Intel reveals four new Microarchitectural vulnerabilities that impact Hyper-Threading

Intel reveals four new Microarchitectural vulnerabilities that impact Hyper-Threading

Intel reveals four new Microarchitectural vulnerabilities that impact Hyper-Threading

Intel has revealed a collection of four new speculative execution vulnerabilities that specifically target the company’s processors, affecting the bulk of the company’s CPUs. 

While a selection of 8th Generation and 9th Generation processors are safe from the exploit, the majority of Intel CPUs from 2011 or later are impacted, affecting millions of consumer PCs and servers. 

The name of this new collection of exploits is “Microarchitectural Data Sampling” (MDS), with the flaw being discovered by Intel alongside several independent groups. These exploits target Intel’s data buffers, coming with titles such as ZombieLoad, Fallout, RIDL (Rogue In-Flight Data Load) and Store-to-Leak Forwarding. 

Intel hopes to address these issues with future OS updates and microcode mitigations, though it is worth noting that many of their latest processors already contain hardware level fixes for these issues. Sadly these fixes are likely to come at a performance cost. 
  

 

    Microarchitectural Data Sampling (MDS) is already addressed at the hardware level in many of our recent 8th and 9th Generation Intel® Core™ processors, as well as the 2nd Generation Intel® Xeon® Scalable Processor Family. For other affected products, mitigation is available through microcode updates, coupled with corresponding updates to operating system and hypervisor software that are available starting today.

We’ve provided more information on our website and continue to encourage everyone to keep their systems up to date, as it’s one of the best ways to stay protected. We’d like to extend our thanks to the researchers who worked with us and our industry partners for their contributions to the coordinated disclosure of these issues.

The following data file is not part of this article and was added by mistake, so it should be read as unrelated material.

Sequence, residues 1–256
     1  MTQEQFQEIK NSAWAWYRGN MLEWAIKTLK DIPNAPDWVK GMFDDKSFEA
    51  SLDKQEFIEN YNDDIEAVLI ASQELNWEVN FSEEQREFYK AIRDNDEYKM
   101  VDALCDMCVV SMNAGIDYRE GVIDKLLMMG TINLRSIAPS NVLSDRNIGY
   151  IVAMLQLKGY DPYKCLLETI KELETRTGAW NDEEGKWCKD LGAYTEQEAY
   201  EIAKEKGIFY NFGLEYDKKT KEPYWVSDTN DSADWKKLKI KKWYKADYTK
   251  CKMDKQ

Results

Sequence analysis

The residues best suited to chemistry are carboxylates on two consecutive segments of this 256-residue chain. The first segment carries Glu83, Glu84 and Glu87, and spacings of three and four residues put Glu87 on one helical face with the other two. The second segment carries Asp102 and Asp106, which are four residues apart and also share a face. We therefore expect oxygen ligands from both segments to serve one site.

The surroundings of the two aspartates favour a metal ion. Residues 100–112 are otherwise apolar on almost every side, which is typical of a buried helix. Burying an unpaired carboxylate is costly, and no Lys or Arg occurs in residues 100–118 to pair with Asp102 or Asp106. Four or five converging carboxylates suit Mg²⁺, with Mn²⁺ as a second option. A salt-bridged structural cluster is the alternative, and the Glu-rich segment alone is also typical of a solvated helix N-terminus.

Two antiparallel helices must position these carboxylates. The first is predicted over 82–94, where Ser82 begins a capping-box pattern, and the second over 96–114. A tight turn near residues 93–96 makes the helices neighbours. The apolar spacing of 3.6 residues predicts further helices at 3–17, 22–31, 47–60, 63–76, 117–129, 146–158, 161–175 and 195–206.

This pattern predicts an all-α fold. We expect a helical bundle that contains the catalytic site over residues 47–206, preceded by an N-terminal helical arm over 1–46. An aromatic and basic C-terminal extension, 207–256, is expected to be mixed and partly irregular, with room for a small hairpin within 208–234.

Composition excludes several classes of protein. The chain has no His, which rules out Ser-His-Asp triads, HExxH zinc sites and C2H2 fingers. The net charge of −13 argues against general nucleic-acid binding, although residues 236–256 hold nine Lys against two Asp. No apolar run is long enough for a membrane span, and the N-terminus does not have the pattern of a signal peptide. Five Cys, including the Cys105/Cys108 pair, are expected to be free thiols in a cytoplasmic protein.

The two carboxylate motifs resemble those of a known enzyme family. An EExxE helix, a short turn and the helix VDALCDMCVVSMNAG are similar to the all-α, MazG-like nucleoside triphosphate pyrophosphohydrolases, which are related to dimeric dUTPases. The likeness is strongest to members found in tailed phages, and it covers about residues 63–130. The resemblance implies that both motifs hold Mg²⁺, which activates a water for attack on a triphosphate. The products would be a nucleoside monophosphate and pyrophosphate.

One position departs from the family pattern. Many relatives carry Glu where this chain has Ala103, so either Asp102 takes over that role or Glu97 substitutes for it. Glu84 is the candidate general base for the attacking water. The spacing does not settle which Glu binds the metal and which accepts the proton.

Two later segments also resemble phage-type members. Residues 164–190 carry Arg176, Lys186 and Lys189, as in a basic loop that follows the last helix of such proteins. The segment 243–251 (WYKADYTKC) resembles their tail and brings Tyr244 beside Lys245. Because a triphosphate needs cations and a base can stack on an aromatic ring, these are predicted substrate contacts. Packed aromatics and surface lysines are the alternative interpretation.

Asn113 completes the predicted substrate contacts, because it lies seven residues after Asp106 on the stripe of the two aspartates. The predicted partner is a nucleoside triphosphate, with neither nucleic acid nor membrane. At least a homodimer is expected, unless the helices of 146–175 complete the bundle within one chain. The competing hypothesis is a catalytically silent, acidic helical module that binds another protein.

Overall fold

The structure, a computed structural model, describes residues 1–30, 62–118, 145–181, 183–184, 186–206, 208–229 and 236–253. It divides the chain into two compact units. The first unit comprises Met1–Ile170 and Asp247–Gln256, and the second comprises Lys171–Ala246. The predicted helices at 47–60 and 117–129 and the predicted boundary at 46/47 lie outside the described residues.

Intel reveals four new Microarchitectural vulnerabilities that impact Hyper-Threading

To address these new vulnerabilities, OS makers need to make significant changes to how Hyperthreading functions, giving each thread an extra layer of isolation when programs with different security domains are running. Simply put, these exploits can allow one thread to peak at what the other is doing, and while observable data will, for the most part, be useless it is nonetheless a big concern for cloud systems with multiple VMs or other high-security environments.  

Intel proposes a solution called Group Scheduling, which will prevent processes from a separate trust domain from running on the same thread. The downside here is that this will undoubtedly prevent full thread utilisation within systems, reducing performance levels. If several programs don’t trust one another it is likely that there will be threads that sit at idle, impacting load balancing and performance. 

Another solution from Intel is to simply turn off hyperthreading, which will prevent attackers from inferring data through MDS. This is a surefire mitigation for affected systems, but undoubtedly one that will impact system performance.   
  
Intel reveals four new Microarchitectural vulnerabilities that impact Hyper-Threading   

Fixing these speculative execution issues isn’t an easy process and there is no doubt that more vulnerabilities will be discovered over the next few years. It will likely take several years for Intel to fully address the risk of Speculative Execution attacks within their processors, and even then there is always the possibility that another exploit is waiting to be discovered.

More information about this new MDS class of vulnerabilities is available on Intel’s website. An in-depth explanation of the issue is available at Red Hat Videos. 

AMD and ARM processors are unaffected by these MDA-class vulnerabilities. 

You can join the discussion on Intel’s Microarchitectural Data Sampling vulnerabilities on the OC3D Forums.